Richard Douglas, 83, a Paeroa grandfather who was a friend of Black's, told the Herald on Sunday he was in the cafe on the evening of the stabbing, which he said was linked to the jukebox.

"Paddy loved Slim Whitman - Oh Danny Boy - him being Irish. He used to put this on every night we'd go there. Johnny [Jacques] overrode it [by selecting a different song]. This went on for a couple of nights; eventually Paddy got a bit pissed off.

"He picked up the knife off the table and stabbed him just below the neck. He fell backwards on to the knife, which did the actual deed. He was provoked into it, goaded into it."

Douglas believed the police didn't interview him because he and his friends were teddy boys (young people with a rebellious streak - distinctively dressed in stove-pipe trousers).

"They told us to bugger off, so we did. They wouldn't have believed us. We were all British seamen."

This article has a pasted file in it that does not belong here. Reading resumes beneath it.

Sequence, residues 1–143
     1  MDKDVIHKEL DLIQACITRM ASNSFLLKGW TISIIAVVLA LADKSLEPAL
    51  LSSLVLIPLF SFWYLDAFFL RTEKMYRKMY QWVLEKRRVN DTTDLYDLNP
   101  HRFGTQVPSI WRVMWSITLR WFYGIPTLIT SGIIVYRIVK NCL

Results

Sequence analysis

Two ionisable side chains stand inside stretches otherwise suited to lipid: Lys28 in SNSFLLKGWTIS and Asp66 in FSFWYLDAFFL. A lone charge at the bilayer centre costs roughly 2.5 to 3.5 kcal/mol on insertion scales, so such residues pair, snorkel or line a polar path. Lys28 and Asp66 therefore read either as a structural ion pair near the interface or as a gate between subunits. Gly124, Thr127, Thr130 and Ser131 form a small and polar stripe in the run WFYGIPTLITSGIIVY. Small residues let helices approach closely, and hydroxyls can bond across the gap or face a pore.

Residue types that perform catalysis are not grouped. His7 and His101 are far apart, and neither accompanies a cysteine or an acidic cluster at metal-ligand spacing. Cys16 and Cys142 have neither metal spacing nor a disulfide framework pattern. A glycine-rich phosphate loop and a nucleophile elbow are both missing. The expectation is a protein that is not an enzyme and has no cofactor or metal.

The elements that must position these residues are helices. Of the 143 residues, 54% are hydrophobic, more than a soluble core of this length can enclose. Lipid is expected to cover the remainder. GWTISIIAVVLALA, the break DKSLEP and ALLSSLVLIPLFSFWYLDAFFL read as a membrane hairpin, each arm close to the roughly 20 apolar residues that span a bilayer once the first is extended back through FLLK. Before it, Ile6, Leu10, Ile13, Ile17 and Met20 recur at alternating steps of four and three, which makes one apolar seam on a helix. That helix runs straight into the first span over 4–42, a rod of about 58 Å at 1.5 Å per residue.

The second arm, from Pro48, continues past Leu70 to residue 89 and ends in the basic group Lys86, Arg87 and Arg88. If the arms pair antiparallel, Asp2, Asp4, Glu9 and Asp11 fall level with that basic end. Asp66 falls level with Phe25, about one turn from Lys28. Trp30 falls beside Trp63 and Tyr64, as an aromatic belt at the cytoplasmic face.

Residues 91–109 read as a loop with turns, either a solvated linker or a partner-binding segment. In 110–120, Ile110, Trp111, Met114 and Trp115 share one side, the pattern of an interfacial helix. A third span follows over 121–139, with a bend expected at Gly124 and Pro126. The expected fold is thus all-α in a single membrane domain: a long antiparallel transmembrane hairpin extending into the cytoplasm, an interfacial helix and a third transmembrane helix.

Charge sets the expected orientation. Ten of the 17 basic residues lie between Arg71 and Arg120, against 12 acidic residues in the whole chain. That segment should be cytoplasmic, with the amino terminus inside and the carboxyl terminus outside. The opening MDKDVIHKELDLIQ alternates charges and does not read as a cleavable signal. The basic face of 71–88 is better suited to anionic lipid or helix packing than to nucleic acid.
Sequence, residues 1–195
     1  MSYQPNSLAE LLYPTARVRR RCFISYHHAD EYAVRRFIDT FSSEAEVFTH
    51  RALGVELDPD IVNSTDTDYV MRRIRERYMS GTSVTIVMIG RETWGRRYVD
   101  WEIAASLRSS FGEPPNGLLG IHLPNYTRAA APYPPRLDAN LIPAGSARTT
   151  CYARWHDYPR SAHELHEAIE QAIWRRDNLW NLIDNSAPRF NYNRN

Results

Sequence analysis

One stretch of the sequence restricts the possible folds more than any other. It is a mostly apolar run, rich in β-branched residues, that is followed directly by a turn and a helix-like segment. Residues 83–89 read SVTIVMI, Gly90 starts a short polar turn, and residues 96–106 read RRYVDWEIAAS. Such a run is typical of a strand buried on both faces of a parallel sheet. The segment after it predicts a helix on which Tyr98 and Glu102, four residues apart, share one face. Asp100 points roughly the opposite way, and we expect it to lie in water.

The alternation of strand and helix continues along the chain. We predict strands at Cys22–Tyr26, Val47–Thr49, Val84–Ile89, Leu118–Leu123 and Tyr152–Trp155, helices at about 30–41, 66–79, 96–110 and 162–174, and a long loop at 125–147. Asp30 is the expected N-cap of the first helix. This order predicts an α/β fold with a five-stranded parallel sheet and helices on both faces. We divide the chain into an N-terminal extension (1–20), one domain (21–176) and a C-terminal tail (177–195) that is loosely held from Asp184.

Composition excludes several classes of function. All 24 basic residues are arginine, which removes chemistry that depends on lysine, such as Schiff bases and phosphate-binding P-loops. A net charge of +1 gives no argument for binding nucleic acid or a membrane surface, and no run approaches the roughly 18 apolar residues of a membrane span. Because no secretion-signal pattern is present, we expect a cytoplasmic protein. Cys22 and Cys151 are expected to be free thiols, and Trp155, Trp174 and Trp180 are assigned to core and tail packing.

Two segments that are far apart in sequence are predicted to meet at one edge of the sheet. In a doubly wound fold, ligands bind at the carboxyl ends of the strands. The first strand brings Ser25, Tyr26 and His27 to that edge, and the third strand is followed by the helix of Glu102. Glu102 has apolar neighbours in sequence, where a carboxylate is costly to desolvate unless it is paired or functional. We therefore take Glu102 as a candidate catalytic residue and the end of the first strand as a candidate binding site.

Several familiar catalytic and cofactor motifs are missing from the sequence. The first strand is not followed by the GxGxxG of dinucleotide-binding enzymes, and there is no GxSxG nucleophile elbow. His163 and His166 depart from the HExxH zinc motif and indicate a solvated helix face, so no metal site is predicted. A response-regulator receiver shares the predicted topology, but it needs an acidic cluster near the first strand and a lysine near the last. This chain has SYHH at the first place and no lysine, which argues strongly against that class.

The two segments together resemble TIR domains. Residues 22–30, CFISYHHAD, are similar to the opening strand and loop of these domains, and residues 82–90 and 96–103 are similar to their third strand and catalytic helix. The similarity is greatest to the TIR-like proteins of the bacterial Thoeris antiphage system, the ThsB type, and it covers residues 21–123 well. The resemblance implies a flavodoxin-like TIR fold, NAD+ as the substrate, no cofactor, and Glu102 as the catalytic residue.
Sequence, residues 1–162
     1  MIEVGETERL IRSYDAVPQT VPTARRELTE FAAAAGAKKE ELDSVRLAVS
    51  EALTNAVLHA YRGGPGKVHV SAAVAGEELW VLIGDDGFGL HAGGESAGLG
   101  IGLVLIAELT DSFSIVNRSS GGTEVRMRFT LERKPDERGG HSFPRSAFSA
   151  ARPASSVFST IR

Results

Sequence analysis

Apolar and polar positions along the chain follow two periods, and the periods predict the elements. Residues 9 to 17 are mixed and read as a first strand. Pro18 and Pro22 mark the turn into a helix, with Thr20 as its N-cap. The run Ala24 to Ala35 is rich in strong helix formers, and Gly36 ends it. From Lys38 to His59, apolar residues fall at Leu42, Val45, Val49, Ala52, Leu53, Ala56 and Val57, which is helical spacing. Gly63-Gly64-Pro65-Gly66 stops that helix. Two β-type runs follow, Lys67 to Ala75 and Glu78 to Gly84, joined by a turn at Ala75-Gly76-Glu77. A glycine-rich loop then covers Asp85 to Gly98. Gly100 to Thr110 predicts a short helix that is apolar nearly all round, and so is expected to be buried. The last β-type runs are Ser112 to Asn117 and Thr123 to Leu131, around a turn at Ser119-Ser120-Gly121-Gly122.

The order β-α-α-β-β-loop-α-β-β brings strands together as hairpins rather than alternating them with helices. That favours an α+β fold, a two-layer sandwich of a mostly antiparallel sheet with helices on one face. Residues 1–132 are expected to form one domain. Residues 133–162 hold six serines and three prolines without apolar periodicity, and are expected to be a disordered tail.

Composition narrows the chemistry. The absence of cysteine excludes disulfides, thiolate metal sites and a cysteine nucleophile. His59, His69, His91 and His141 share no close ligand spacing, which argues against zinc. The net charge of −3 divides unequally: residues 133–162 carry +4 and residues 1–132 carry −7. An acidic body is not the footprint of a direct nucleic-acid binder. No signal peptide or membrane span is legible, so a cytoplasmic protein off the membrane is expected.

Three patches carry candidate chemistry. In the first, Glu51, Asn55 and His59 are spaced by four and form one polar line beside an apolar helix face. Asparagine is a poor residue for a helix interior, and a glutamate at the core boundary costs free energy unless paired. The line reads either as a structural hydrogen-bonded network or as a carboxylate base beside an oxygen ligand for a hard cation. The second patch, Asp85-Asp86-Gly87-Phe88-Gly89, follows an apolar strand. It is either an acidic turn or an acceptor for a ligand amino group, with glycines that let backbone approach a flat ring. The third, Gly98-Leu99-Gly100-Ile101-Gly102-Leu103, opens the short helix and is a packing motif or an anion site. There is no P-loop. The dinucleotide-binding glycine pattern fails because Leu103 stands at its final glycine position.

• READ MORE: Haunted by the Jukebox Killer

Detective Senior Sergeant Warren Olsson said the case files showed a number of other witnesses had been interviewed.

"There's no evidence to corroborate the provocation aspect. A number of witnesses were called who gave evidence it was unprovoked."

Justice Minister Andrew Little's spokeswoman said details of the criminal cases review commission, to be established by next April, would be released at a conference in August, but he would not comment on individual cases.

Kidman argues Black didn't get a fair trial, partly because of a moral panic in the 1950s over juvenile delinquency.

She also highlights the reported comments of the trial judge, Justice Finlay, in a preliminary hearing at which a grand jury decided there was a case for Black to answer. The preliminary hearing was on the same day the trial started.